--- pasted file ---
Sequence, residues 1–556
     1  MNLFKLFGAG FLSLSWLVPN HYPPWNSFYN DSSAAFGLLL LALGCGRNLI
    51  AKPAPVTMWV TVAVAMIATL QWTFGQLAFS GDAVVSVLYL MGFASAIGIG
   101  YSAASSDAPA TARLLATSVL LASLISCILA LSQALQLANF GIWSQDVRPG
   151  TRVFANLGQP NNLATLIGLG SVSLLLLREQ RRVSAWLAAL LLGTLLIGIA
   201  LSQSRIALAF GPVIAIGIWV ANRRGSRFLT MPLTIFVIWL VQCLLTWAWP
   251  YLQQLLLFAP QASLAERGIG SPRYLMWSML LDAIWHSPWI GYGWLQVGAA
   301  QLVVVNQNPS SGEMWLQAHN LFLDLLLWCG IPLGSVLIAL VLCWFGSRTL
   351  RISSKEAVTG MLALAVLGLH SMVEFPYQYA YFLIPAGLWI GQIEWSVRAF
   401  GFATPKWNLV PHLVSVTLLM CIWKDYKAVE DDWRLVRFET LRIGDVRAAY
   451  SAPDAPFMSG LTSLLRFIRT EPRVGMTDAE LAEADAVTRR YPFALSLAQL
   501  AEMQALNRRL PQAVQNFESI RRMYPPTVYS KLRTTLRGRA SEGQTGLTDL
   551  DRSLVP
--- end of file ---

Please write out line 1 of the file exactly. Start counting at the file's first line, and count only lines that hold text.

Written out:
Sequence, residues 1–556